September 19, 2013
What Kind of Intelligence Can I Gain from OEE?
In manufacturing, companies consistently strive to create a product that is perfect. This process must occur as quickly as possible in a production facility. When it occurs efficiently, a process is declared to be stable.
In order to accomplish this task, companies use a method called overall equipment effectiveness (OEE). Here are the three main components of overall equipment effectiveness, and what it can provide when it is implemented into your organization:
Availability monitors how many hours throughout the course of a typical manufacturing day a machine is up and running. This means that downtime is calculated, as well as changeover time. Both downtime and changeovers impede production processes due to the fact that it cuts into the time that machines could be producing new parts.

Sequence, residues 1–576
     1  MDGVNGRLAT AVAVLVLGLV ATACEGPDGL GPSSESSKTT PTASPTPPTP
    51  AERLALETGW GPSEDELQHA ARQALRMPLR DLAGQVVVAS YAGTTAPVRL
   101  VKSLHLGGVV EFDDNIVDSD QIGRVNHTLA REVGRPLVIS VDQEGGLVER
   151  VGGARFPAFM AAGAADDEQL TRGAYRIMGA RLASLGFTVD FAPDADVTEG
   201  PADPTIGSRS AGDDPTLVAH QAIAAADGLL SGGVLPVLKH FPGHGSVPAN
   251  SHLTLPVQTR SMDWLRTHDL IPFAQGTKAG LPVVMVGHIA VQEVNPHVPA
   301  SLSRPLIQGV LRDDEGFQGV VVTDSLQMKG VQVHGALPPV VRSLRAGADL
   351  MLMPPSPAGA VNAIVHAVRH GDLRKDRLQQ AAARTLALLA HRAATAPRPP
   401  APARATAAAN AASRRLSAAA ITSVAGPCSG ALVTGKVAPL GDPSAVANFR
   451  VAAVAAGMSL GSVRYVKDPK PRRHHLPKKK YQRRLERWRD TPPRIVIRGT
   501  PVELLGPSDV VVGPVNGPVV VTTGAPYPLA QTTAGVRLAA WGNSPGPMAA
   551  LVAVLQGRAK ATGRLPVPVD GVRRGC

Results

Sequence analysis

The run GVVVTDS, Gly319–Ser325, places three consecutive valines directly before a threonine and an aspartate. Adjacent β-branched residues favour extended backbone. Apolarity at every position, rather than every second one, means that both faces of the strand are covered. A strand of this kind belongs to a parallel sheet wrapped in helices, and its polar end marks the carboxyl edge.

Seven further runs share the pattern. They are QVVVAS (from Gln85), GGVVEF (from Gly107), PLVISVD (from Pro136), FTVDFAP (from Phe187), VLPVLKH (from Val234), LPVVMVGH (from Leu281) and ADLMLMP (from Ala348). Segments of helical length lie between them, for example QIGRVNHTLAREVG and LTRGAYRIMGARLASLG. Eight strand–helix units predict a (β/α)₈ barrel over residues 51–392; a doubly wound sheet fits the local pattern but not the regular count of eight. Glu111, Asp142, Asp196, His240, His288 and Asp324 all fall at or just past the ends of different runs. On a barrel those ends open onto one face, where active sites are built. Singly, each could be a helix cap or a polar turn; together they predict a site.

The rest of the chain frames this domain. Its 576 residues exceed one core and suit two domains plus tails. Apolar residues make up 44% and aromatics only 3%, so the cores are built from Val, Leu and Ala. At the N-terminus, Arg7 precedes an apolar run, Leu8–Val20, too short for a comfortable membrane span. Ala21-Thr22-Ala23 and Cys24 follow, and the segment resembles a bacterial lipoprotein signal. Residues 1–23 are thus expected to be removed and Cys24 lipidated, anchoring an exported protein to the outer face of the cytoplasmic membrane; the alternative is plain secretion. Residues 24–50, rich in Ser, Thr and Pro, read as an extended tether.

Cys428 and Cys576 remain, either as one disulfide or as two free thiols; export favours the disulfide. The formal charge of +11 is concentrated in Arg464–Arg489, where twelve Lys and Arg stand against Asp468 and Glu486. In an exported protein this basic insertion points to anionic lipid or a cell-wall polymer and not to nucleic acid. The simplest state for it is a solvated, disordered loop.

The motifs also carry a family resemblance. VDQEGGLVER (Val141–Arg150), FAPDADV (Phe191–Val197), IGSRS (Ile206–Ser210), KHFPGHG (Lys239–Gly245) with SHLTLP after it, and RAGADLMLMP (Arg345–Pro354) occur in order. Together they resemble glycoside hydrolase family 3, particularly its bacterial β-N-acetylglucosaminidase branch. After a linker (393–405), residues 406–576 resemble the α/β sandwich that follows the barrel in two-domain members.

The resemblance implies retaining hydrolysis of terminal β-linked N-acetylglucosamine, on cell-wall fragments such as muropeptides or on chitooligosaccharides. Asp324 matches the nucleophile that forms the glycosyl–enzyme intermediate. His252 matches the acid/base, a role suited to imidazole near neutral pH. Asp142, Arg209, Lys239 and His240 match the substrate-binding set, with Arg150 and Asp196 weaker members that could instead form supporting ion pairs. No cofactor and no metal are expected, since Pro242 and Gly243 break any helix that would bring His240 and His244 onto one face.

Just because a machine is up and running in a manufacturing facility, it does not necessarily imply that it is running optimally. This metric gauges a machine’s efficiency and monitors how well a production line is moving. It can be found within the workflow of a machine.
Quality It does not matter how fast a machine is moving if the products that it is creating are of inferior quality. In food, product quality can refer to the ratio of ingredients or the width of a container that holds it. In the automotive industry, this could refer to something such as the thickness of a car’s tires.
It is important to remember that quality, performance and availability must be multiplied together to receive a true indicator of overall equipment effectiveness. All three must be studied and considered to avoid upsetting the delicate manufacturing balance. For instance, if your machine is moving too fast, the quality will suffer. If you improve production quality, however, you do not want to make the machine move too slow.
For more information on how you can use statistical process control to aide in the calculation of overall equipment effectiveness, please click here.